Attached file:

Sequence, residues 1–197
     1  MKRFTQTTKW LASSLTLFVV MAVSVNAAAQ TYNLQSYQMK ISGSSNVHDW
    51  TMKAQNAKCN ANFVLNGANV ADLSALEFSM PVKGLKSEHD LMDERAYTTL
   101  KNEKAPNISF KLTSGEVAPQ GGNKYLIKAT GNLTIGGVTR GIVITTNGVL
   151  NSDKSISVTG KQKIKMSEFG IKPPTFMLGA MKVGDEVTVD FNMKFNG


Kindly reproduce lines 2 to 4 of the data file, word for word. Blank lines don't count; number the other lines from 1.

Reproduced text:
     1  MKRFTQTTKW LASSLTLFVV MAVSVNAAAQ TYNLQSYQMK ISGSSNVHDW
    51  TMKAQNAKCN ANFVLNGANV ADLSALEFSM PVKGLKSEHD LMDERAYTTL
   101  KNEKAPNISF KLTSGEVAPQ GGNKYLIKAT GNLTIGGVTR GIVITTNGVL